Frank Lloyd Wright’s Hollyhock House, which is perched on 36 acres of land in Barnsdall Art Park, is ready to reopen after a three-year-long restoration. Originally completed in 1921, the project—Wright’s first in L.A.—was built to be the home of oil heiress Aline Barnsdall and her daughter, though she gifted it to the city in 1927 in honor of her father. The house opened as a public museum in 1976 and has since weathered a slew of structural impairments: a leaky roof, damaged plumbing, and foundational issues that were a result of the 1994 Northridge earthquake (to name a few). The restoration process got underway in 2010, although that year was spent mapping out the overwhelming re-haul. More than $4 million dollars later, the house has been restored to its 1920s glory and will reopen to the public on February 13. We spoke with Jeffrey Herr, curator at the Hollyhock House (which has been newly nominated as a UNESCO World Heritage Site) to talk about the facelift.
How did you get this restoration off the ground?
When we applied for the California Cultural Historical Endowment grant, we had to state what we intended to do with the money. Our primary goal was to fix leaking roofs. Because this is a National Historic Landmark, we have to go through extra steps that the ordinary home owner would not, like sending plans and drawings to the State of California and to Park Services, because we need the approval of both. There was a year of planning and drawing and approvals before we were able to start doing any kind of work. And when you begin to do these selective demolitions, you tend to find additional problems. For example, once we got started, it wasn’t just the roofs; all the drain pipes were clogged and had to be replaced. So you go back through the whole process all over again. More drawings, maybe a structural engineer’s report, and approvals—this is a continual process throughout any kind of any major restoration because the deeper you dig, the more information you find. Why don’t you know in advance? Because it’s undocumented. And it’s hidden under layers of plaster or wood.
Why did the restoration process take so long?
Not only did we have to go through administrative research and an approval process, but we’re dealing with a Frank Lloyd Wright building that has a number of architectural details, many of which had been obliterated over the last 50 to 70 years. Once you find that something is missing, you have to determine what it is and whether you can recreate it. For instance, we found that some of the windows had been reduced in size and some had been removed completely. We opened up those apertures to recreate the original sizing, and then we installed windows. Other things we were able to do that we had no idea were even possible include recreating the original plaster surface textures and color. It’s not like applying paint from a can, though; it’s a much more complex process that has to be sorted out by a materials conservator, who comes up with a reasonable replication. I say “reasonable” because California no longer allows the chemicals used in paint in the 1920s. So you need a creative, intelligent materials conservator to engineer something that replicates the look even though you cannot replicate the actual formula.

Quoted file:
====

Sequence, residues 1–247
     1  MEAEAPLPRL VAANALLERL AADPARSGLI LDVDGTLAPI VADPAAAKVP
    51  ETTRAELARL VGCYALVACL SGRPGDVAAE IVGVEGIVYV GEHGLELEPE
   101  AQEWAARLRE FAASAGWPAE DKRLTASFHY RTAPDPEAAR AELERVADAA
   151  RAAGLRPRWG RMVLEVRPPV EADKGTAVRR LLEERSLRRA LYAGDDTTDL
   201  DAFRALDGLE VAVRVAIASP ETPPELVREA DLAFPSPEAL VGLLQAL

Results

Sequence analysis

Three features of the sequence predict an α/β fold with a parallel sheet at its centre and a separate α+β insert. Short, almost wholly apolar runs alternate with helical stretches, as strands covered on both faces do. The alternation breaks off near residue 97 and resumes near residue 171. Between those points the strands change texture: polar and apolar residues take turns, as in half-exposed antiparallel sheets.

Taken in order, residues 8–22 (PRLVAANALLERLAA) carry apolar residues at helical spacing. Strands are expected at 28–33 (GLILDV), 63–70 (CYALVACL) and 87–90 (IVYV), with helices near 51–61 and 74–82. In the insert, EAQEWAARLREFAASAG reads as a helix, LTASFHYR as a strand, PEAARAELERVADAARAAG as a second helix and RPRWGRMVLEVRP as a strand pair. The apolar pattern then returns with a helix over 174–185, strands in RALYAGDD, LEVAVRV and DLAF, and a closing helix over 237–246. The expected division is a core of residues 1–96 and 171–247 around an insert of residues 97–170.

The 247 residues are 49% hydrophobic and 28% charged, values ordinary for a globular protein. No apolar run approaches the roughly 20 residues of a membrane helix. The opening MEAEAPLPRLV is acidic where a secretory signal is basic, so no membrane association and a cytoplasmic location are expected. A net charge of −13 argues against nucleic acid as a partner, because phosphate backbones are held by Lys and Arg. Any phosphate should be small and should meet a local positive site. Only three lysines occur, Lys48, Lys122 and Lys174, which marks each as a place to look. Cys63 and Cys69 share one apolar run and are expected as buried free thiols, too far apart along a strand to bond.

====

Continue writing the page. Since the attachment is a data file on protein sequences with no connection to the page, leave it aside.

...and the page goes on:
Did the process have any surprises?
Frank’s son Lloyd participated in two major programs here at the house: a renovation that he did in 1946 and then a restoration he was in charge of in 1974. None of his work was really well documented. When we went to fix the leaks in the sunroom, we found that he had changed the proportions of that room dramatically so as to insert steel I-beams to structurally support the balcony above. This was a huge surprise—what do you do with these I-beams? Do you incur the expense of removing what’s visible and make it invisible, or do you look for another solution? We looked for another solution. It was pretty obvious the balcony needed that kind of reinforcement, so we returned the room to its 1921 proportions but left the I-beams exposed. Now people can see the layered history of the house.
There was another huge surprise that we discovered by chance: some of the clearstory windows in the dining room had been altered in the ‘50s. We decided that we would restore them to their 1921 design. These are stained glass windows with metal separations, and I noticed there was a residue on them. I asked the materials conservator what it was and even he didn’t know, so he brought in a XRF gun, which analyzes metal. We discovered that these windows had been plated with Hexavalent Chromium, which everyone knows as the Erin Brockovich chemical. So that wasn’t good!
How do you feel now that the house is reopening?
I feel pretty damn good. We have done so much to restore the major public areas to their 1921 appearance. For anyone who knows the house, it will be a revelation. For anyone who doesn’t know the house, my hope is that they’ll walk in and go, “This is great, what did they do?” That’s the sign of a really good restoration.
Will it need to be restored again? When?
This restoration is a triumph for Hollyhock House, but it’s not done yet! It is a house that’s coming up to its centenary. Any house that’s 100 years old needs maintenance and work. Add that it’s a Frank Lloyd Wright house, and it becomes an eternal project. We continue to find new documentation of what existed in 1921—we have to recalibrate and say, ‘Ok, we need to do this now.’ We already have another project on the books to restore the motor court at the front entrance! We’re not letting any grass grow under our feet.
This interview has been edited and condensed.